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ON FAITH & MEDIA View Comments

Garfield: A Tail of Two Kitties

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Source: Catholic News Service

Trivial, if innocuously entertaining, sequel to the 2004 comedy based on the Jim Davis comic strip, in which the wisecracking, lazy orange housecat (once again computer animated and lethargically voiced by Bill Murray) travels to England, where he inadvertently switches places with a pampered blueblood feline (voiced by Tim Curry) who has just inherited a castle, finding himself in the cross hairs of the estate's kitty-hating, next-in-line human heir (Billy Connolly) while enjoying the royal treatment from the manor's barnyard staff of talking animals (voiced by the likes of Bob Hoskins, Vinnie Jones and Rhys Ifans). Directed by Tim Hill, the follow-up improves on the first, but the bland script once again relies heavily on the kind of screwball sight gags and slapstick that the kiddies may find amusing, but -- even at a mere 75 minutes -- may induce accompanying adults to take a catnap. Some mildly crude humor. The USCCB Office for Film & Broadcasting classification is A-I -- general patronage. The Motion Picture Association of America rating is PG -- parental guidance suggested. Some material may not be suitable for children.

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Jerome Emiliani: A careless and irreligious soldier for the city-state of Venice, Jerome was captured in a skirmish at an outpost town and chained in a dungeon. In prison Jerome had a lot of time to think, and he gradually learned how to pray. When he escaped, he returned to Venice where he took charge of the education of his nephews—and began his own studies for the priesthood.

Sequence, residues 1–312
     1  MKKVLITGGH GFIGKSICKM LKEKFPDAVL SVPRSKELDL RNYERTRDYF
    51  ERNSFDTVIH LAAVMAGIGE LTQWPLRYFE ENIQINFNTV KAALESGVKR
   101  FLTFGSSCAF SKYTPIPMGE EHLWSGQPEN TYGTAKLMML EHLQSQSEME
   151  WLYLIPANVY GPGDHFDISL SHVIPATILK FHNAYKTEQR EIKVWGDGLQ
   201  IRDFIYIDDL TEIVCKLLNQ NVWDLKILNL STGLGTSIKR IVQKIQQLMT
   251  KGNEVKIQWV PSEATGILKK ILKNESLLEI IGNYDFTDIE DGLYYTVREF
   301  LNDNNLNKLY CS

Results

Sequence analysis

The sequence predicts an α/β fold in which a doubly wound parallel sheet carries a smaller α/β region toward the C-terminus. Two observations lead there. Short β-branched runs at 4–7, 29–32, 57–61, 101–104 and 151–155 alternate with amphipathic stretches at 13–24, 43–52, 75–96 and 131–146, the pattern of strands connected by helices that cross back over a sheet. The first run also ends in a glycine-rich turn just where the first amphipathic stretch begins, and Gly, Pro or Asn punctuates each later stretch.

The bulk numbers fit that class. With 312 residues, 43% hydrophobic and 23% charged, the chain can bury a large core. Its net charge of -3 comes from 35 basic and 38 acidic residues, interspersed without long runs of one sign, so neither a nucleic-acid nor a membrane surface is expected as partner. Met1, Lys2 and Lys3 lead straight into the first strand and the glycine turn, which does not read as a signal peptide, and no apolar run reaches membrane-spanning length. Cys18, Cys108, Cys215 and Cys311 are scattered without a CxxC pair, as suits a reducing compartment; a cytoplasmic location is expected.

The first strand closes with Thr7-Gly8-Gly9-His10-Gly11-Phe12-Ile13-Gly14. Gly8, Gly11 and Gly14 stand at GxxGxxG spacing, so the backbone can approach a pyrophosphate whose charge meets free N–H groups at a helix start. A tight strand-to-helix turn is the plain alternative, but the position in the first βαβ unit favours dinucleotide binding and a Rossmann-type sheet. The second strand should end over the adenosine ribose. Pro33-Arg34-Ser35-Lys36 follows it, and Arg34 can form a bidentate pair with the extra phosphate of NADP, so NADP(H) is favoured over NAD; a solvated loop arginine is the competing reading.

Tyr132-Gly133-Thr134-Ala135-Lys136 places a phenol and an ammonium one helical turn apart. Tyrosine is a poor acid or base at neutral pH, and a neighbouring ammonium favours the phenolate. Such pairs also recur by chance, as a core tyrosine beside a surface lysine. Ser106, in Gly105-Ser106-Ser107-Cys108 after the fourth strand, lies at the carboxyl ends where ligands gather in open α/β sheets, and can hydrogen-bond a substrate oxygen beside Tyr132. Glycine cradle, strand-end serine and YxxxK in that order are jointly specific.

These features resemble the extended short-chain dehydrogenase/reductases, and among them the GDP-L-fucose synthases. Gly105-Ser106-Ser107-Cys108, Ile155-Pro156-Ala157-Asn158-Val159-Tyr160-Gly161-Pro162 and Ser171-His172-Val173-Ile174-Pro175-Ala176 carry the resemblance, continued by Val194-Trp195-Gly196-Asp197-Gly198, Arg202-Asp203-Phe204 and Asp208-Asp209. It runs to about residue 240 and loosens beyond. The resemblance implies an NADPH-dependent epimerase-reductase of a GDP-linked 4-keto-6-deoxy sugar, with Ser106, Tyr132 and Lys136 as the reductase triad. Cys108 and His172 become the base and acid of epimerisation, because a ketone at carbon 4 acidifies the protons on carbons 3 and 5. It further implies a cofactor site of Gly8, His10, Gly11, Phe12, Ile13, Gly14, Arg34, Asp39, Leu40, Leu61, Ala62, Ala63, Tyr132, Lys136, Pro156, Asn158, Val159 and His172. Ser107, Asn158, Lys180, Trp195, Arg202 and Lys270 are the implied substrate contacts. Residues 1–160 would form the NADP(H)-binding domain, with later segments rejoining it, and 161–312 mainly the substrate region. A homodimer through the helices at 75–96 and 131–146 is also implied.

<p>In the years after his ordination, events again called Jerome to a decision and a new lifestyle. Plague and famine swept northern Italy. Jerome began caring for the sick and feeding the hungry at his own expense. While serving the sick and the poor, he soon resolved to devote himself and his property solely to others, particularly to abandoned children. He founded three orphanages, a shelter for penitent prostitutes and a hospital. </p><p>Around 1532 Jerome and two other priests established a congregation, the Clerks Regular of Somasca, dedicated to the care of orphans and the education of youth. Jerome died in 1537 from a disease he caught while tending the sick. He was canonized in 1767. In 1928 Pius Xl named him the patron of orphans and abandoned children.</p> American Catholic Blog Jesus really cannot be merely a part of our life; he must be the center of our life. Unless we preserve some quiet time each day to sit at his feet, our action will become distraction, and we’ll be unhappy.

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